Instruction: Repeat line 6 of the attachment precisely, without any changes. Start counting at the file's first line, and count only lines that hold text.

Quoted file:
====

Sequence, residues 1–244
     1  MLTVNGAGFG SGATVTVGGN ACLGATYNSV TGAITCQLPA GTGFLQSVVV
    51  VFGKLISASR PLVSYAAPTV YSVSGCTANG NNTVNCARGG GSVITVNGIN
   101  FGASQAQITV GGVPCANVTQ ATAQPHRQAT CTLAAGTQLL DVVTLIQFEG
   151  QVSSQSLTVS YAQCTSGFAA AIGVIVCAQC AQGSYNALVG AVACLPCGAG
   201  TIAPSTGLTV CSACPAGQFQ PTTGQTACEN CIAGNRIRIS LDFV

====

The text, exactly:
   201  TIAPSTGLTV CSACPAGQFQ PTTGQTACEN CIAGNRIRIS LDFV